Outcomes: What the program produces/achieves.
Outcomes are meaningful changes for the population/communities served, for example, changes in knowledge, skills, attitudes, behaviours, living conditions, status, etc. These changes are directly linked to the program. They are a measure of the extent to which the program fulfilled its core purpose. Measuring outcomes requires more time and resources, but they are essential to connecting our programs to broader impacts.
Indicators: What helps the program to stay on course.
These are specific, observable, and measurable characteristics, actions, or conditions that show whether change has occurred. Indicators are the measures, which can be quantitative (numbers) or qualitative (observations, first-hand reports, testimonials, etc.) that show progress over the course of the program. Indicators give us information about how things are going before the program is over, which allows us to take action if needed. Positive indicators tell us to keep doing what we’re doing; negative indicators tell us to explore what’s going on and consider making changes.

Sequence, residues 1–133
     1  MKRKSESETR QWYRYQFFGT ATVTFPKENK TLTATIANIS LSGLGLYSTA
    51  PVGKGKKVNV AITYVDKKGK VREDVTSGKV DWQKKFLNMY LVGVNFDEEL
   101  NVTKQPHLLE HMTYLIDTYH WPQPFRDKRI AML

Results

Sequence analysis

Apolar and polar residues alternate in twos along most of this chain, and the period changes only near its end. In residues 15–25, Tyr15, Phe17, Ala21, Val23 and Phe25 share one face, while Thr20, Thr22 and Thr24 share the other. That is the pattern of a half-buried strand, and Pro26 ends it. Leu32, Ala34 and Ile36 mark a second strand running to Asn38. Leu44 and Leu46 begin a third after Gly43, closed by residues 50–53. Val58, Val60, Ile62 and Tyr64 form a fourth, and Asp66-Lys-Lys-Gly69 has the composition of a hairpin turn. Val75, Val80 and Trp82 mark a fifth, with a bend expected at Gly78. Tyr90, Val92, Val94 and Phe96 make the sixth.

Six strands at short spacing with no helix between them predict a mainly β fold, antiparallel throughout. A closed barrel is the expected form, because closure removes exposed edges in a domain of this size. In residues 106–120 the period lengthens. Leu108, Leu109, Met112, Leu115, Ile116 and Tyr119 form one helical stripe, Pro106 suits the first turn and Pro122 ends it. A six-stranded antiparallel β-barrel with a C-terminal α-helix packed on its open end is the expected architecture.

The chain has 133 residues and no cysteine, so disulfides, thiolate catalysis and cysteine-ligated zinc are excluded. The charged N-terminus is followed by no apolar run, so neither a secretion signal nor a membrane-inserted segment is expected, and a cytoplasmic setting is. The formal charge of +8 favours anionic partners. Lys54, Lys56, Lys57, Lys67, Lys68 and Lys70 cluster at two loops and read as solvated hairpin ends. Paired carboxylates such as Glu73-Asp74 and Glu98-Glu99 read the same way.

Impact: What effect took place because of the program and/or the organization
Impacts are the longer-term ‘results’ that are attributable to the outcomes of a program and/or represent the contribution our organizations have made to broader changes (e.g., sector system changes, policy changes, etc.). Impacts are indirect effects of the program or organization - there are other factors that can influence them beyond our efforts. The fact that impacts are indirect measures emphasizes the importance of measuring program outcomes (the direct measures of our programs) so that we are held accountable for what we can fully control.
In our upcoming posts, we will look at how to measure impacts and how to report on impacts to fulfill both the needs of our organizations and the priorities of our stakeholders.
This blog post was written by Lindsay Valve, Lead Consultant at Quilin and member of the EPIC team.